Almost all joint ventures, private equity and other investment arrangements provide for the various rights and obligations of each party. Common examples of such rights and obligations are “put options” and “call options”.
Essentially a put option means that the option holder has the right to require the other party, namely the option grantor, to buy shares/debentures held by the option holder on the occurrence of certain events and on the basis of pre-agreed pricing formulas. In other words, the option grantor has binding obligations to buy the shares/debentures “put” to him by the option holder.
Illustration: Jayachandran / Mint
Conversely, a call option gives the option holder a right to “call” on the option grantor to sell the shares/debentures held by the option grantor to the option holder on the occurrence of certain events and again on the basis of pre-agreed pricing formulas. The option grantor has a binding obligation to sell his shares/debentures to the option holder on a “call” from the option holder.
In most likely circumstances, the price for the shares/debentures is not agreed upon. But what is agreed between the parties is the pricing formulas or the basis of calculation of the exercise price of the option (usually the formula is based on fair market value, discounted future cash flows or other standard industry benchmarks). In addition, the put and call options can be securitized, with the option grantor providing appropriate security for the underlying options. Put options are also viewed as providing exit routes to the investor under circumstances where the promoters failed to achieve other exit routes for an investor, such as public listing of the investee company through an initial public offering. Call options, among other measures, are also used by an investor to increase his stake in a company and get the benefit of pre-agreed pricing formulas.
For example, if a company’s share price significantly increases, it would be a profitable move for an investor to exercise his call option and purchase shares at a lower valuation, as determined by the agreed pricing formula.
Put and call options have also emerged as pre-eminent tools in the event there is a default under an investment agreement, which dictates a transaction. For example, the non-defaulting party may be given the right to “put” its shares to the defaulting party at a price which is above the fair market value of the securities concerned; alternatively, the non-defaulting party may be given the right to call upon the defaulting party to purchase the shares of the defaulting party at a price which is below the fair market value of the securities concerned. Essentially, the right to put or call can be exercised by the non-defaulting party at his discretion, considering the market conditions and financial capabilities of the defaulting party.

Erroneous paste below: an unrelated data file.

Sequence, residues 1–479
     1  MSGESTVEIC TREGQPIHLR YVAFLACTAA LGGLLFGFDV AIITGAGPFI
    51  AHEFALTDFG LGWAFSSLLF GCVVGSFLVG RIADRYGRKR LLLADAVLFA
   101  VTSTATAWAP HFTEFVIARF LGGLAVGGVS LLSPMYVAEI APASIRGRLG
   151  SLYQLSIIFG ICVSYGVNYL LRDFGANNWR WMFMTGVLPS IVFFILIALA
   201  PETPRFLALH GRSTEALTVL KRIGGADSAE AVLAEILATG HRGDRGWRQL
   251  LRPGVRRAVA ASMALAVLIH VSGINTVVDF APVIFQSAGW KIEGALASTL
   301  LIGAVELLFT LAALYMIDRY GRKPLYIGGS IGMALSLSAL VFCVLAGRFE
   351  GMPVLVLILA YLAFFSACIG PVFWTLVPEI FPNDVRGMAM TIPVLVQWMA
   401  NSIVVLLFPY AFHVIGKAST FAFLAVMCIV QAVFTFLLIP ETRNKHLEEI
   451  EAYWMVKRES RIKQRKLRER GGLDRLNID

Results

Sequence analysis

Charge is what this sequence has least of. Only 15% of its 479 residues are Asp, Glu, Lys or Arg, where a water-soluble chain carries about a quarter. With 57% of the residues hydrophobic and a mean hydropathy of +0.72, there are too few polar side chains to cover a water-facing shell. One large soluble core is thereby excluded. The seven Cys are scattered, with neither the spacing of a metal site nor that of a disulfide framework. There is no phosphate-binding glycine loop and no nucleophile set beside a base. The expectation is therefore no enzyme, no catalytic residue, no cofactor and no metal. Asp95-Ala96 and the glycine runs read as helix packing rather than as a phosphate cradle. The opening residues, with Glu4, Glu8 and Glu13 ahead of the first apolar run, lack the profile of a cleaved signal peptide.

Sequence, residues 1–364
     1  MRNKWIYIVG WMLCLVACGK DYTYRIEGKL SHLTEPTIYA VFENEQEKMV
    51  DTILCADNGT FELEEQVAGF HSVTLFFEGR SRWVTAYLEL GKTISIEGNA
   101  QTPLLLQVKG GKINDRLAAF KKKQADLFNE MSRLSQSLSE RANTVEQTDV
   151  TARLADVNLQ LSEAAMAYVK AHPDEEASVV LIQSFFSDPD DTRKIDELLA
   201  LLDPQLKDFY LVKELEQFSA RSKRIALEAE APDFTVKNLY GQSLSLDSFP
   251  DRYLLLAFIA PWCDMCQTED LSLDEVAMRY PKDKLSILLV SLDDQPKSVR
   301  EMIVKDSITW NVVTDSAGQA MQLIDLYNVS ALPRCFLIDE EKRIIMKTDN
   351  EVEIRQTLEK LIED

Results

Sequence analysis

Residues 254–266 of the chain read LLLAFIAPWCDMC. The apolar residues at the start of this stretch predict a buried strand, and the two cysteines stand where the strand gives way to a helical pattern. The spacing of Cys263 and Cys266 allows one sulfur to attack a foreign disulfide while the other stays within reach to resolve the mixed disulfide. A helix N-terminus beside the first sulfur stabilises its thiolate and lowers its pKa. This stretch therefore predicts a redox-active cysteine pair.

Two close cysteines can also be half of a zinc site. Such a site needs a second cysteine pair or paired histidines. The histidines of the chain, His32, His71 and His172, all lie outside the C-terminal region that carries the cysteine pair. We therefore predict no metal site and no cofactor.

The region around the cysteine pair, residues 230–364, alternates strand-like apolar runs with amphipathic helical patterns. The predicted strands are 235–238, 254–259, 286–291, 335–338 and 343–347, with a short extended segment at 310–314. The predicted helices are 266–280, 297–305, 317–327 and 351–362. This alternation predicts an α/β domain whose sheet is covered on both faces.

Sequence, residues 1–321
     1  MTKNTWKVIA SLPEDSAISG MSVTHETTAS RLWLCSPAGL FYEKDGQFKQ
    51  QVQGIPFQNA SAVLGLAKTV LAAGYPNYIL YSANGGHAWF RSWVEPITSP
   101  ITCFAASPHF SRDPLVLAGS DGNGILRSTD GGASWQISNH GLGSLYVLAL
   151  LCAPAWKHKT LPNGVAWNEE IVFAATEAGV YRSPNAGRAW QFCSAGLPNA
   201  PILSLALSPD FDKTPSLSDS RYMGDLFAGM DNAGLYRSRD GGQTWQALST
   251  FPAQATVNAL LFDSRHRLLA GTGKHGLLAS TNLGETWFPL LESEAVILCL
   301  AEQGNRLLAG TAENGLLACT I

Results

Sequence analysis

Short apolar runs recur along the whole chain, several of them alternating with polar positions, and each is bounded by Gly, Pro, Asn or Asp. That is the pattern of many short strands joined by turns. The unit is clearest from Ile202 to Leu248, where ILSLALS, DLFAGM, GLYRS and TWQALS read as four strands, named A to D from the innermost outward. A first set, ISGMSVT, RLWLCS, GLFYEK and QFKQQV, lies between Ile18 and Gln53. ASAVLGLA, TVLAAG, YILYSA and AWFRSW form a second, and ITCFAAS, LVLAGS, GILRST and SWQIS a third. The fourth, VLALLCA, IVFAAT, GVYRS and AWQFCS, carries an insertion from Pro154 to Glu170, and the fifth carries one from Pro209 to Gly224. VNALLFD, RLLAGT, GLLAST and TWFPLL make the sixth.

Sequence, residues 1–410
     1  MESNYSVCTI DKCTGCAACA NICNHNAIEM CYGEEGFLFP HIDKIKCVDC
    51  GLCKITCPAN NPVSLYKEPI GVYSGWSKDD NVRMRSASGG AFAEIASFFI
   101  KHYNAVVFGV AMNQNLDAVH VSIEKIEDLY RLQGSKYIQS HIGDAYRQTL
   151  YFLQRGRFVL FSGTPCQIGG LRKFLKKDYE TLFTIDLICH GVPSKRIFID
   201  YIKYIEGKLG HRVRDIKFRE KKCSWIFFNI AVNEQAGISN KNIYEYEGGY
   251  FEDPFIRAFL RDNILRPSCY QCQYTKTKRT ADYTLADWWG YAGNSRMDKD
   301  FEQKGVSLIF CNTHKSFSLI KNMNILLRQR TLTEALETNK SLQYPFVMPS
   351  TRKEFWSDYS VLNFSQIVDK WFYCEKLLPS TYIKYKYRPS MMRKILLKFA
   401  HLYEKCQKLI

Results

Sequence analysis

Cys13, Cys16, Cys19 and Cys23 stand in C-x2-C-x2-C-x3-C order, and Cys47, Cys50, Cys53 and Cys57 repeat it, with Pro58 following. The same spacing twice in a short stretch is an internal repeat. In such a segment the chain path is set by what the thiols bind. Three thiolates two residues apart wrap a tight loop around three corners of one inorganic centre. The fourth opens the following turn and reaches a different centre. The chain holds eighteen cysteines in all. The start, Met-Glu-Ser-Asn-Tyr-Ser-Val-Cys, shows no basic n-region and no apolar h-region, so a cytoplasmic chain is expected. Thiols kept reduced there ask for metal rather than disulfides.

A legal challenge for exercising put and call options is the statutory pricing norms applicable to a non-resident in respect of the purchase or sale of shares to an Indian resident partner. If a non-resident investor seeks, under a put option exercised by it, to sell shares to an Indian resident, the sale price cannot exceed the fair value of shares determined under the pricing guidelines under applicable foreign exchange regulations. At the same time, if a non-resident investor seeks, under a call option exercised by it, to buy shares from the Indian resident shareholder, the purchase price cannot be below the fair value of shares determined under the pricing guidelines under applicable foreign exchange regulations.
The above two examples will also apply if the Indian resident seeks similar rights on the non-resident. The parties, nevertheless, can explore approaching the Reserve Bank of India for specific approval for any transaction that they propose to conduct which is not in accordance with the pricing guidelines, if they have a strong case for it.
Another legal challenge for put and call options is the applicability of the Securities Contract (Regulation) Act, 1956 (SCRA) to put/call options for an unlisted public company. SCRA purports to prohibit derivative or forward trading contracts except when made on a “spot delivery basis”. While one view is that put or call options may fall within the ambit of SCRA, others take the view that if the actual sale/purchase is being made on a spot delivery basis, the put/call options are merely agreements to sell/purchase shares and, therefore, are outside the purview of SCRA.
The debate is limited to unlisted public companies owing to conflicting judgements on this issue. SCRA is not applicable to a private limited company and separate regulations govern agreements for the sale and purchase of listed company shares (such as takeover regulations).
Then there is the open issue of specific performance of the put/call options, that is, whether a party can be obligated under law to perform its obligation under a put or a call option.
In this respect, there is a significant lack of judicial precedents. Considering the downturn the economy is witnessing (leading to restructuring of investments and, in some cases, disputes/terminations of the joint ventures), it is expected that this issue, too, will soon reach the courts, resulting in some conclusive analysis of this issue.
This column is contributed by Hardeep Sachdeva of AZB & Partners, Advocates & Solicitors.
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